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First State Bank
417 N. Broadway
Opened 1904

 

James N. Patmore and his son Jay N. Patmor founded the First State Bank of Pittsburg with a charter filed on Nov 18, 1903. It opened for business on Jan. 25, 1904, in the old McKay Real Estate and Insurance building at 417 N. Broadway, with paid up capital of $25,000. The bank building was completely remodeled in 1917, receiving a new limestone front with Roman Doric style columns with the words “The First State Bank” engraved near the top of the parapet, which gave the one story building a 2-story look. The inside was divided into two spaces with the first 37 feet containing the banking rooms and teller cages and the second area containing the vault safe. The safe door was manufactured by the York Safe & Lock Company and weighed 10 tons and was operated by 24 open-hearth locking bolts that were each 11 inches in diameter.  In the public area there was room for 7000 security boxes.  Those who wanted to store larger valuables such as silver could rent larger boxes in the basement. The elder Patmore remained president of the bank until his death on Dec. 15, 1909, when his son Jay became president. Jay Nelson Patmore held that position until his death on April 16, 1972. In the mid 1970’s, the bank purchased the building north to Fifth Street, which had been the home of the First National Bank of Pittsburg from 1902 to 1932, and built an addition to the original building. The First State Bank remained a locally owned bank until the late 1990’s when it was purchased by Gold Bank, which was later, purchased by M&I Bank.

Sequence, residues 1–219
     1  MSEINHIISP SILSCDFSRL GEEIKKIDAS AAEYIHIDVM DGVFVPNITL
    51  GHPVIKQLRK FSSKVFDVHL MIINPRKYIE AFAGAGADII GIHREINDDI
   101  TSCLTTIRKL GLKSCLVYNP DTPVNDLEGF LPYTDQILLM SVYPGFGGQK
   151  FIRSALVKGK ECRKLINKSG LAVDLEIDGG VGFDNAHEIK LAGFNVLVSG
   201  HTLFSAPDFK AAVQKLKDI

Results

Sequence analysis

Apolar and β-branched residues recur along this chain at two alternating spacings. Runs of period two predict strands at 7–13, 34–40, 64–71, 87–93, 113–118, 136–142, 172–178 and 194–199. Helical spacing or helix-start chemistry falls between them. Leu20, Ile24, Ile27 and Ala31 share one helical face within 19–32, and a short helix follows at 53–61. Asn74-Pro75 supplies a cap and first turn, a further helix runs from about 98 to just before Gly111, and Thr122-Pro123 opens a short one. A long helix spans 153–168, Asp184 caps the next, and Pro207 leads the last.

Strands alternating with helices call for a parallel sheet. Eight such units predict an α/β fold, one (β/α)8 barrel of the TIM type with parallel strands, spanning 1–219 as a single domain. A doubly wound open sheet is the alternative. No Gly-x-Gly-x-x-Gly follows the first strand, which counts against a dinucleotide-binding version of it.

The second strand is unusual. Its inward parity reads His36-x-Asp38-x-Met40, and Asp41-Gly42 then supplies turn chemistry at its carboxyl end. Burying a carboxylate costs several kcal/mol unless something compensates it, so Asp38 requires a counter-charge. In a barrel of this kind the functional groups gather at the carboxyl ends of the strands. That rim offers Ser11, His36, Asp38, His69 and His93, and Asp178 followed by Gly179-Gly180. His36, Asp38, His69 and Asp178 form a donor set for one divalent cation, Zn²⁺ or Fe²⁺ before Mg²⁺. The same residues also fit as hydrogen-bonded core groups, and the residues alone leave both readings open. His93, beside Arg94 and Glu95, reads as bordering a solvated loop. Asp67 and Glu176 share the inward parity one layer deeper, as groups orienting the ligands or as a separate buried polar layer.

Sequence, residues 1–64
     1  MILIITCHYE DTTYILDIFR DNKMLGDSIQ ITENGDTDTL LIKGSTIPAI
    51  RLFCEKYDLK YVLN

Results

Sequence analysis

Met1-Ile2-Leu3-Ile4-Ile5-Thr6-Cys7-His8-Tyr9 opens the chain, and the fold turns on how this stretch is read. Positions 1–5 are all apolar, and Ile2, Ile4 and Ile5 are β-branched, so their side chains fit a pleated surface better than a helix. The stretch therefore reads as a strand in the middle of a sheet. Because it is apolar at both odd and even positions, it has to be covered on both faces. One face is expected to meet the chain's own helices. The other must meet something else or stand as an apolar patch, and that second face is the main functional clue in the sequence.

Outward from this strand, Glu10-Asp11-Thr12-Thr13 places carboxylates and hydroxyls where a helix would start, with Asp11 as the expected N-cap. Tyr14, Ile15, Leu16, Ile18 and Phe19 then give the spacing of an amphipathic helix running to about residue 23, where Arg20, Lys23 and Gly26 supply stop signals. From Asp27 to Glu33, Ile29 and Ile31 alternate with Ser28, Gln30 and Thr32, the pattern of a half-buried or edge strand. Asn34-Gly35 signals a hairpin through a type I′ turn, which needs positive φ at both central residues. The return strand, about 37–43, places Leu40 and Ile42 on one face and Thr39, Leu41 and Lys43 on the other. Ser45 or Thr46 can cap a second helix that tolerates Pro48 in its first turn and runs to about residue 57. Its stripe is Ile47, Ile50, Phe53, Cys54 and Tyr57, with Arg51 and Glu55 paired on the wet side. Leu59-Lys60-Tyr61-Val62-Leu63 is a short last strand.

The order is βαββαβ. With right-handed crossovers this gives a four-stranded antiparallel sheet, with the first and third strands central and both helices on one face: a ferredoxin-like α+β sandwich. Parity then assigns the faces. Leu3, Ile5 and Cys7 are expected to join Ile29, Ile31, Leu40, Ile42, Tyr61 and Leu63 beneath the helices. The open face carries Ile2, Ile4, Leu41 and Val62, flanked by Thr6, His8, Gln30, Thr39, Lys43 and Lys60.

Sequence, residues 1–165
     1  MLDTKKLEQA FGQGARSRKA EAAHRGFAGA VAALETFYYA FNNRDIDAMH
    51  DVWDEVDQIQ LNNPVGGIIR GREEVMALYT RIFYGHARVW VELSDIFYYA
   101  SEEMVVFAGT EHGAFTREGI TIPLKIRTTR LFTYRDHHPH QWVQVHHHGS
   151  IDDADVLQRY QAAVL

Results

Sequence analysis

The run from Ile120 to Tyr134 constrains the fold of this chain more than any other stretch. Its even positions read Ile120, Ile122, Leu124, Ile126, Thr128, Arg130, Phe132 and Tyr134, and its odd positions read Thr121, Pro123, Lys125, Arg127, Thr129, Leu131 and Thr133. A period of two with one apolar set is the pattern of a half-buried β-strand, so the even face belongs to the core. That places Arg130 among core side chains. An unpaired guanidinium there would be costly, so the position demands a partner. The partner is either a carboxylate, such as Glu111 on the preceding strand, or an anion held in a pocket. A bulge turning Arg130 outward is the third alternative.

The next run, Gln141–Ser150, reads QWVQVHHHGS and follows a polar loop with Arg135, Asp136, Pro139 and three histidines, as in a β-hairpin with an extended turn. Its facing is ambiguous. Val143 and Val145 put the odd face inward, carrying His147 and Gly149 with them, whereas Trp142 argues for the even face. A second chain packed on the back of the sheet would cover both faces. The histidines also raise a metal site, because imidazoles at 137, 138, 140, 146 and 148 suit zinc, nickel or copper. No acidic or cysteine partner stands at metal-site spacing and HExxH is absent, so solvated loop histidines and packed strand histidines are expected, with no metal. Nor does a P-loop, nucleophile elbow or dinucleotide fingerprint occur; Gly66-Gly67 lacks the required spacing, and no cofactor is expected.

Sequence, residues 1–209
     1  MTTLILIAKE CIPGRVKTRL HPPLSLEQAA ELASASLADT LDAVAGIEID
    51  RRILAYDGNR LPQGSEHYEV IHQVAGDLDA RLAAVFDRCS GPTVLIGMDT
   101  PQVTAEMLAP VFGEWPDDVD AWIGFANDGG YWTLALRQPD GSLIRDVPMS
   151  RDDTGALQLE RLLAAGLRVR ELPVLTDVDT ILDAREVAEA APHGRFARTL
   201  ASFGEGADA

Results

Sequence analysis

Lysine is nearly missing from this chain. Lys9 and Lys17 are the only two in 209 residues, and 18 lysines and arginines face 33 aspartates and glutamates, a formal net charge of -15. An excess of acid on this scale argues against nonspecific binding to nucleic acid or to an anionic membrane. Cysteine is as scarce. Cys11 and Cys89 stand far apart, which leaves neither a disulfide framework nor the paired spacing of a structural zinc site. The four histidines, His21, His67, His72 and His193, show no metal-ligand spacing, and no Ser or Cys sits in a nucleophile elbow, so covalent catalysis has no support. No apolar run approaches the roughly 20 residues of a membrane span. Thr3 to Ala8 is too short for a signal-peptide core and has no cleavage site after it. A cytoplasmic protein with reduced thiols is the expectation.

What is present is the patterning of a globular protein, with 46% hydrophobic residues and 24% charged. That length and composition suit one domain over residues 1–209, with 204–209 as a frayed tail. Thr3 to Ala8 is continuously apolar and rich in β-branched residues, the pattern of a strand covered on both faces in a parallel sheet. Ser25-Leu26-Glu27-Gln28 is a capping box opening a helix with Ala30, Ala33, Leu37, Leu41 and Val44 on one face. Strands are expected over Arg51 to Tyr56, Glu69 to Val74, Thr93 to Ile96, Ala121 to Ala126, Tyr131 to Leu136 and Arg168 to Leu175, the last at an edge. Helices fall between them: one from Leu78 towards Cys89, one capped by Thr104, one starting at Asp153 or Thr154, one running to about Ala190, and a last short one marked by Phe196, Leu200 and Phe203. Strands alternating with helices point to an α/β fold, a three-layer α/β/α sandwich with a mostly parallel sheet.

First State Bank
417 N. Broadway
- no postmark (c1915-1930)
 
 
 
First State Bank Vault
417 N. Broadway
- postmarked 1918
 
 
First State Bank
417 N. Broadway
- photo 2012
 
 
First State Bank
417 N. Broadway
- photo 2012
 

A New Pittsburg Bank Home

From the cut of the architect’s drawing of the new home of The First State Bank, it will be one of the most pleasing structures of the city. It will have a frontage of 35 feet on Broadway and the main banking room will extend 70 feet to the rear. Construction of the entire front will be of Indiana limestone and the design will be Roman Doric style, giving the structure artistic strength and beauty. Four large columns with caps and bases, will support a projecting cornice of limestone and above this cornice, will extend a parapet wall, giving the bank a 2-story effect. The architectural design of the exterior will be carried out in the banking room. The ceiling will be broken in panels by beams of steel, with plaster run cornice work, similar to side wall. These beams are supported off buttresses at either side of the room, giving strength to the walls and support to the beams. The main banking room will be decorated in soft tones of oil to harmonize with the wood trim. The ceilings will be in cream and the sidewalls of blue and gray. The counter screen separating the public from the banking space will be built up of polished marble and bronze and the floor of the public space of terrazzo with mosaic borders. Check desks of marble and glass and seats will be placed in the space for the convenience of the public while waiting.